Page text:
no other Nigerian has been perceived by Ndigbo to be personally
responsible for crafting the policies that compounded the misery
of ex-Biafrans as the Late Chief Obafemi Awolowo. Serving his jail
term for treason at the Calabar Prison by time the Civil War was
imminent, Awolowo was set free by General Ojukwu with an understanding
that the Yoruba leader was bent on using the opportunity of ongoing
national crisis to pull his people out of the Nigerian federation
and declare the Oduduwa Republic in the West.
the master tactician had something else in mind as he paid lip service
to an accord with Biafran leadership before his release from jail.
As soon as he made it safely out of Biafra, he pitched his tent
with General Gowon who rewarded him with appointment to the highest
civilian post in the military junta in Lagos. Awolowo also was the
Minister of Finance where he had full rein on the national coffers.
elevated position instantaneously made tens of thousands of Yoruba
recruits to join the Nigerian armed forces. The command structure
and bulk of foot soldiers that spearheaded the maritime invasion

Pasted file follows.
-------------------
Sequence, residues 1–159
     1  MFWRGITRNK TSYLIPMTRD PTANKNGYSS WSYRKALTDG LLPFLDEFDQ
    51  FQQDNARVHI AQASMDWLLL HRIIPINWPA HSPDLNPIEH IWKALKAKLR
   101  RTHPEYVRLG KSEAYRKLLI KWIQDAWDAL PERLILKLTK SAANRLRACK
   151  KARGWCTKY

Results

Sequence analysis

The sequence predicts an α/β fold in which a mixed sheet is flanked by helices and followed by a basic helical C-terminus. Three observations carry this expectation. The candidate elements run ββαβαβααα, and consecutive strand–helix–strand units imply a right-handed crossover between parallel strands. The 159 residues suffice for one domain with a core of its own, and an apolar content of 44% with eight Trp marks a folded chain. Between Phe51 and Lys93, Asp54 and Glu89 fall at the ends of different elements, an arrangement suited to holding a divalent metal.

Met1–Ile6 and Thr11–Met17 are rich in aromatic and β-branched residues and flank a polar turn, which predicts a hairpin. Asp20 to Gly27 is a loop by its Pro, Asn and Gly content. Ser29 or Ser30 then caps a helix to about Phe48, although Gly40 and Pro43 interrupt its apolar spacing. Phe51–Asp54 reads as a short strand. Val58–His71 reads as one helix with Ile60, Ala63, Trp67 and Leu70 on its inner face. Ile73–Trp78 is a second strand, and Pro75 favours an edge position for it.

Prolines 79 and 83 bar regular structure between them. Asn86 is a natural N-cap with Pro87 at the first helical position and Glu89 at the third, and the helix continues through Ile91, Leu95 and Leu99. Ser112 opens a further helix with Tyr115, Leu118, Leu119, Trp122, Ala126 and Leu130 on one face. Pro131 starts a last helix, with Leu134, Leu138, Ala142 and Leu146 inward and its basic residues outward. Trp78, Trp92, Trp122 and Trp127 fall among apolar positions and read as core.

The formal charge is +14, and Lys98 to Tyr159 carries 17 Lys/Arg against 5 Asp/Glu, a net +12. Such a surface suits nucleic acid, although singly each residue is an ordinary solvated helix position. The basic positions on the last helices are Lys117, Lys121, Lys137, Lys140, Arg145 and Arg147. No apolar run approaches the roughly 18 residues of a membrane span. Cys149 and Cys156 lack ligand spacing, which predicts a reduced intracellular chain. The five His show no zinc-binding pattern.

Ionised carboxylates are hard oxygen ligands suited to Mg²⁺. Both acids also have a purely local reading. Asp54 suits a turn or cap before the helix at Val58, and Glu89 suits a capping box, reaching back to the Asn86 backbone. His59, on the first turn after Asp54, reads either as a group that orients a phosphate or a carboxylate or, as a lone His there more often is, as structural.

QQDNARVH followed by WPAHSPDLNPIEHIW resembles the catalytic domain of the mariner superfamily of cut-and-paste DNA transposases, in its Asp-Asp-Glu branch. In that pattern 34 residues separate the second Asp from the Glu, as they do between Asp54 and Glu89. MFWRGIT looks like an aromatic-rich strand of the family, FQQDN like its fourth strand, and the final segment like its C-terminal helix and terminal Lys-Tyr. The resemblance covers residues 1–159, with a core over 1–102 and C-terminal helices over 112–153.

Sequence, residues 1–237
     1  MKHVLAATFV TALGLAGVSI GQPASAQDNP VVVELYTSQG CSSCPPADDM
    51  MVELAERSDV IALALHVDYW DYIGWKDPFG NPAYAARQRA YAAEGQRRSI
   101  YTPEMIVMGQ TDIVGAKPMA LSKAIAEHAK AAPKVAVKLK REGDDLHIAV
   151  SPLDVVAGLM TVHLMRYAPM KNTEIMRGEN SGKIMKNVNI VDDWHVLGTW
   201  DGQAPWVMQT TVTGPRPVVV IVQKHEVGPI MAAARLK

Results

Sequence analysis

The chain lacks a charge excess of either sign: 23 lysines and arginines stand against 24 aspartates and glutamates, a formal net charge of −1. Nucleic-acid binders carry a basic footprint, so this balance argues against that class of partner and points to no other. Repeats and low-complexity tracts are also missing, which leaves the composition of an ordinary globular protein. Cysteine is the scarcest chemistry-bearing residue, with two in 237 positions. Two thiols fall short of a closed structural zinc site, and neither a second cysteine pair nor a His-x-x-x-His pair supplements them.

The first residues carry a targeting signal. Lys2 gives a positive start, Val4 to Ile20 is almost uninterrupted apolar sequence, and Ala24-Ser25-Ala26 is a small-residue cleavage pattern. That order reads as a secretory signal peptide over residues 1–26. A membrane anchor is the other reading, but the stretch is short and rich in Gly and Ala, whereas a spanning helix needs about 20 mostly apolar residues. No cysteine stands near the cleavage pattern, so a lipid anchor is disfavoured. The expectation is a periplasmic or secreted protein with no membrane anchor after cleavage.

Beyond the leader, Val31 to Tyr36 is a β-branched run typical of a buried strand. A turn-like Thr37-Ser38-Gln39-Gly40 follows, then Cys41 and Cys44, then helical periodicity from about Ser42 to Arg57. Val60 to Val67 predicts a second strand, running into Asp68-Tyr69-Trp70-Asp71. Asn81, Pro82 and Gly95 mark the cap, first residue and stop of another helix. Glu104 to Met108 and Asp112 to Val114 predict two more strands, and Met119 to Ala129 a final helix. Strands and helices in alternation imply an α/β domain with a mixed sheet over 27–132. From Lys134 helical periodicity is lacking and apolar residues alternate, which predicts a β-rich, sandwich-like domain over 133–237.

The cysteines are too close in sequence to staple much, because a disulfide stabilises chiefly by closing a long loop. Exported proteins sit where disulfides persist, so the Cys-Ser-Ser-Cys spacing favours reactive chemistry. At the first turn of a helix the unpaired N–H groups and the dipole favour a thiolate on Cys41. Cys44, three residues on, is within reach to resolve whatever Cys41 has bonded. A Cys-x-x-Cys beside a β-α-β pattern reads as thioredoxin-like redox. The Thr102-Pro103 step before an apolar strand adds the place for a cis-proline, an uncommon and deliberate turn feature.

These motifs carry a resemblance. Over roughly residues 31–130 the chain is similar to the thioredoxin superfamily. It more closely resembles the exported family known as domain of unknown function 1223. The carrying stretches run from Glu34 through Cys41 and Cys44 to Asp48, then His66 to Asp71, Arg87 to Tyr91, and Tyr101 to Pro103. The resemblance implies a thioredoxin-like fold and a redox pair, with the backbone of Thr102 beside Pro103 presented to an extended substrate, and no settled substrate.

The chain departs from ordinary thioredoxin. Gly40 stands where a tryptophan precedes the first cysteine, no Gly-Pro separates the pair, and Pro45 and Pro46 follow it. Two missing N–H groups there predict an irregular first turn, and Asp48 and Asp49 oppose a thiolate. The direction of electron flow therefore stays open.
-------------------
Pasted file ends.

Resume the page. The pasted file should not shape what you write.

from the southern front were mostly Yorubas. As the Yoruba chieftain
acquired more control of the federal bureaucracy, he became more
aggressive and vocal in defense of federal war policies in Biafra,
which included deprivation of food and medical supplies to the civilian
victims of the Civil War. He was reported to have told foreign media
correspondents, who expressed global outrage at the level of misery
inside Biafra, that starvation was a legitimate instrument of warfare.
It was the post-war policies of Awolowo-led Ministry of Finance
that inflicted the most lasting pain on those who managed to survive
his starvation policy. The Biafran currency, which was the only
legal tender of the survivors of the Biafran siege, was overnight
declared worthless and everyone with a bank account was issued a
measly N40 (40 cents US), in lieu of their deposit, to start life
anew on their own. A few years afterwards, the same Ministry embarked
on the process of selling off foreign-owned businesses to Nigerians
who were able to pay. In that indigenization process, penury did
not allow Ndigbo to participate as the collective wealth of Nigeria
was handed out only to those who had the cash in hand. It could
be said that Chief Awolowo was not only a proven bedfellow of the
Nigerian military establishment, but he also sanctioned the tacit
gang-up by the North and West to use authoritarian military rule
to keep Ndigbo marginalized for the next 30 years.